The second compromise related to the requirement that the divorced wife in custody of minor children had exclusive rights to the rented marital home for as long as she retained custody (unless her former husband provided another dwelling). While the requirement to provide accommodation for the custodial mother was retained in the 1985 legislation, the former husband was given exclusive rights over his unrented dwelling.

The Law of Personal Status was again amended in January 2000, giving women more options for divorce.

Schools of Fiqh: The Hanafi school is the predominant school of fiqh. Earlier on, Egypt was the home of the Shafi’i school and under the Fatimids, the ruling classes were Isma’ili. There is also a significant Coptic Christian minority in Egypt.

Constitutional Status of Islam(ic Law): The Constitution was adopted on 11 September 1971 and amended by referendum in May 1980. The amendment made Islamic law ‘the principal source of legislation’ in Egypt. Article 2 of the Constitution reads in full: "Islam is the religion of the State and Arabic its official language. Islamic jurisprudence is the principal source of legislation."

Court System: Shari’a courts were integrated into the national court system in 1956. Family law is administered within the National Courts by judges trained in shari’a (with separate judges for and legislation applicable to cases involving Copts and Muslims). Appeals are heard by regular judges in the Courts of Appeal and, ultimately, the Court of Cassation.

Notable Features: There are a number of enactments relating to personal status, though the core of family law is formed by Laws no. 25/1920 and no. 25/1929 as amended by Law no. 100/1985. The Civil Code (no. 131/1948) drafted by Professor ‘Abd al-Razzaq al-Sanhuri, the renowned Egyptian jurist who played a role in the drafting of legislation in a number of Arab states during the 1940s and 1950s, does not cover family law or succession, but does govern majority and civil status; Article 280 of the Civil Code directs that recourse should be had to the most appropriate opinion from the Hanafi school in the absence of any textual provision in the legislation.

The minimum marriage age is 18 for males and 16 for females (lunar calendar). Registration is compulsory but does not determine the validity of marriage. Courts may not hear cases where the parties have not attained the minimum marriage age, or where claim of marriage is disputed and there is no official documentation.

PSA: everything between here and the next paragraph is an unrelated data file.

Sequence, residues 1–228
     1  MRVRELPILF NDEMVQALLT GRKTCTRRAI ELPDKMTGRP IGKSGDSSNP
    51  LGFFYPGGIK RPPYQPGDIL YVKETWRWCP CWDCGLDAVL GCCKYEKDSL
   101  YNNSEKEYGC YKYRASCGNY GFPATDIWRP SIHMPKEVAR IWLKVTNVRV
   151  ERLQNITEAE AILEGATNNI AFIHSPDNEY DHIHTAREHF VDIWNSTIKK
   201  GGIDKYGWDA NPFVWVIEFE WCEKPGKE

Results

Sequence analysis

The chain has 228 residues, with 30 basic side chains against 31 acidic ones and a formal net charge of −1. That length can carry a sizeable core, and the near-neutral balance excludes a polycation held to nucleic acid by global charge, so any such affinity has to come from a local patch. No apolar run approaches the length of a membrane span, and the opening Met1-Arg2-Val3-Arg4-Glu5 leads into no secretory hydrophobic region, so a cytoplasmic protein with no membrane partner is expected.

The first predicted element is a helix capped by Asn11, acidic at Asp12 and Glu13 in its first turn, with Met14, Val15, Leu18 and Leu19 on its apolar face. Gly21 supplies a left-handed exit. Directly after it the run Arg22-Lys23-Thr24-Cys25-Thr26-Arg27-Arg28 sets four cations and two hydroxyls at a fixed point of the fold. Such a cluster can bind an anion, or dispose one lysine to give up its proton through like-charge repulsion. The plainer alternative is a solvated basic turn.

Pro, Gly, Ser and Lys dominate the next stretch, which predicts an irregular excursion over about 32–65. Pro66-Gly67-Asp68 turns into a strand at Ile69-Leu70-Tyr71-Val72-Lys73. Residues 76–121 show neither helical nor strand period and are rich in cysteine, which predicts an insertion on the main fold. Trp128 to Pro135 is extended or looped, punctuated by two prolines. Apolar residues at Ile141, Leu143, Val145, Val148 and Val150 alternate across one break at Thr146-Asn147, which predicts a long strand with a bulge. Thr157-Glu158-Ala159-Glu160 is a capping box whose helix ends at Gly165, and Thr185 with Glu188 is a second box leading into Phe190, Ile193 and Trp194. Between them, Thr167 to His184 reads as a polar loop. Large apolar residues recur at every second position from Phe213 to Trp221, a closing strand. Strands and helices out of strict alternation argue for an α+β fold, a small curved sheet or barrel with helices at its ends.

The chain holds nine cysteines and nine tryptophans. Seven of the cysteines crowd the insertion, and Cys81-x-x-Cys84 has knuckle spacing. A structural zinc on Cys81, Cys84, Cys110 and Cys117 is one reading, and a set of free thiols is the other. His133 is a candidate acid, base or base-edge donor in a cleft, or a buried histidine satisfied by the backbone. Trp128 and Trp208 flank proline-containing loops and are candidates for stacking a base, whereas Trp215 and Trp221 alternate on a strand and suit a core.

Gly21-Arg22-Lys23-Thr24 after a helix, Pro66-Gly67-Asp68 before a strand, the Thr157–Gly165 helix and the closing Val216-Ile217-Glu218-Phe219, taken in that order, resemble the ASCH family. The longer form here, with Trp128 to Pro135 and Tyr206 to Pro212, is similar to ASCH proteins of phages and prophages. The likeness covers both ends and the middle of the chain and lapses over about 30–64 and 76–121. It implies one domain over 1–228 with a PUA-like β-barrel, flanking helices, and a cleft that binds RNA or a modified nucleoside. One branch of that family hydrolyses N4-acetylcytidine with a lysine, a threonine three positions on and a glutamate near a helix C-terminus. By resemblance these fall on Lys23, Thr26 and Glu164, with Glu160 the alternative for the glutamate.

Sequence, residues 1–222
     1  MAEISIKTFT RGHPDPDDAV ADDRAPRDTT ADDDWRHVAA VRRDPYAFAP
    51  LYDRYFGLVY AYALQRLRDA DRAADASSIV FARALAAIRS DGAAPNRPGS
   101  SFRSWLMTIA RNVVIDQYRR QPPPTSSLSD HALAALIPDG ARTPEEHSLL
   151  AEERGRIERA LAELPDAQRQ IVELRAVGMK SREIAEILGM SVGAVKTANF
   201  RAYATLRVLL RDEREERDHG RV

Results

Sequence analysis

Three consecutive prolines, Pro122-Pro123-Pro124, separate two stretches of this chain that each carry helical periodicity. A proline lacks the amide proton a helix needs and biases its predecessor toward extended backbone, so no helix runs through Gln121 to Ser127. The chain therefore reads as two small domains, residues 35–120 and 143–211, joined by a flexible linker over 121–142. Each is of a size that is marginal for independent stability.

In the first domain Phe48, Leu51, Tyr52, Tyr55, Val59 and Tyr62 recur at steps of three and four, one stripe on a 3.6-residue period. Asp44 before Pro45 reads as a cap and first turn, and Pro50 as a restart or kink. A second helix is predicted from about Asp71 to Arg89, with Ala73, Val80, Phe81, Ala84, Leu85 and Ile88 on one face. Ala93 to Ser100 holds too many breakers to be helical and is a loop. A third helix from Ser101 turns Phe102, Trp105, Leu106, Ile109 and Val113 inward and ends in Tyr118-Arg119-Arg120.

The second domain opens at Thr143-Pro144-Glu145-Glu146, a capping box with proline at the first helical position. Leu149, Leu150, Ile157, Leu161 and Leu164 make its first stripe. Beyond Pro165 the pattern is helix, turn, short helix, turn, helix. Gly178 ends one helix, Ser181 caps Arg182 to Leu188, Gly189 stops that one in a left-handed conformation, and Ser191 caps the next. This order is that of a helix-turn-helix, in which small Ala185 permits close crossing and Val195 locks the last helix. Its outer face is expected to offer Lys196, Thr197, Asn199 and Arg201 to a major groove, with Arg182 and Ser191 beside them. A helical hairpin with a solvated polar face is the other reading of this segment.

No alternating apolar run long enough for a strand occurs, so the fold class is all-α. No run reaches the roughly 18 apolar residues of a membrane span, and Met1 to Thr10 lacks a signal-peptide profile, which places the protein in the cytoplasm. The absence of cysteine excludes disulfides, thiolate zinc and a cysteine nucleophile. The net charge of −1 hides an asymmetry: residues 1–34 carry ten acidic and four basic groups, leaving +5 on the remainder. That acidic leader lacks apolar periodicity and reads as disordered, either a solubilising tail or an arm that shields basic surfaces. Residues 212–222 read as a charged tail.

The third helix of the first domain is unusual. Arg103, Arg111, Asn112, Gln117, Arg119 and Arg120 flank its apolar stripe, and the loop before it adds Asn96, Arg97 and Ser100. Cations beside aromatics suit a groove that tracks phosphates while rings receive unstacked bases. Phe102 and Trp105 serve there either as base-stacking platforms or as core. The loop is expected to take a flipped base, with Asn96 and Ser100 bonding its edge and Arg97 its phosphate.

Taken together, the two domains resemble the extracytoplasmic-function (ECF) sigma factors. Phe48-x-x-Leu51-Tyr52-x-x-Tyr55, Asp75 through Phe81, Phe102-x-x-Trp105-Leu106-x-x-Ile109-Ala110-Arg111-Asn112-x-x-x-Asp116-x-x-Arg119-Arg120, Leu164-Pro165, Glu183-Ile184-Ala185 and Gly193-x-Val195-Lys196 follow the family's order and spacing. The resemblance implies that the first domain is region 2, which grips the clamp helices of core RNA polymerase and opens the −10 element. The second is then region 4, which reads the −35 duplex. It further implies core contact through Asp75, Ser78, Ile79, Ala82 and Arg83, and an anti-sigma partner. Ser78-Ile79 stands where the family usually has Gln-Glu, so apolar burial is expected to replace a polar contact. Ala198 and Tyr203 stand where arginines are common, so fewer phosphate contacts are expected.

Guardianship is governed by the Civil Code but does not extend to the power of compulsion in marriage; a wali cannot prevent his ward from marrying for reasons relating to social status or the amount of dower, for example, as judges may authorise marriages if walis refuse.

Maintenance is due from the date of a valid marriage contract and valid retirement unless the wife apostasies, denies her husband conjugal rights without justification, or leaves the matrimonial home without his permission (except for circumstances permitted by rules of the shari’a). However, leaving the home for lawful work does not constitute disobedience so long as the wife does not abuse this right, it is not contrary to the interests of her family, and her husband has not explicitly asked her to refrain from working.  Maintenance is deemed to be a debt against the husband from the date that he fails to maintain until the debt is paid or excused, and claims for arrears of maintenance may not be heard for a period exceeding one year from the date of the claim.

Polygamy is permissible, with notification of the existing and intended wives. The existing wife of may obtain a judicial dissolution on grounds of material or moral harm up to one year from the date of her knowledge of her husband’s polygamous union if such harm makes cohabitation as husband and wife impossible.

Talaq expressed indirectly, while intoxicated or under coercion, or conditionally with the intent of forcing the taking of some action has no effect. A talaq to which a number is added verbally or by gesture is effective only as a single and revocable talaq, except for the third of three, talaq before consummation or in consideration of payment. A written and notarised certification of talaq must be produced within thirty days of repudiation and the notary must forward a copy of the certificate to the wife. Certain financial effects of talaq are suspended on the wife’s knowledge of the repudiation if the husband is found to have concealed it.

The wife may obtain an irrevocable judicial divorce on the following grounds: serious or incurable defect of the husband (unless the woman married in full knowledge of the defect or it occurred after the contract and she implicitly or explicitly accepted it); harm making cohabitation as husband and wife impossible (if the harm is proved and reconciliation efforts fail); material or moral harm if the husband marries polygamously (subject to the aforementioned conditions); non-payment of maintenance; the husband’s imprisonment for three years or more (after one year of the sentence has passed); and discord, if reconciliation efforts fail, with a financial settlement proportionate to the allocation of blame as determined by the arbitrators.  A woman can also seek a divorce on the grounds of incompatibility, but in such case she forfeits all financial claims against her husband.

A divorcée repudiated by her husband without cause or consent on her part is entitled to maintenance during her ‘idda and compensation (mut’a al-talaq) of at least two years’ maintenance (with consideration for the husband’s means, the circumstances of the divorce, and the length of the marriage); no upper limit for compensation is stipulated. Maintenance claims for the ‘idda period can be heard up to one year from the date of the divorce. A divorcing husband must provide independent accommodation for his former wife who has custody of their minor children.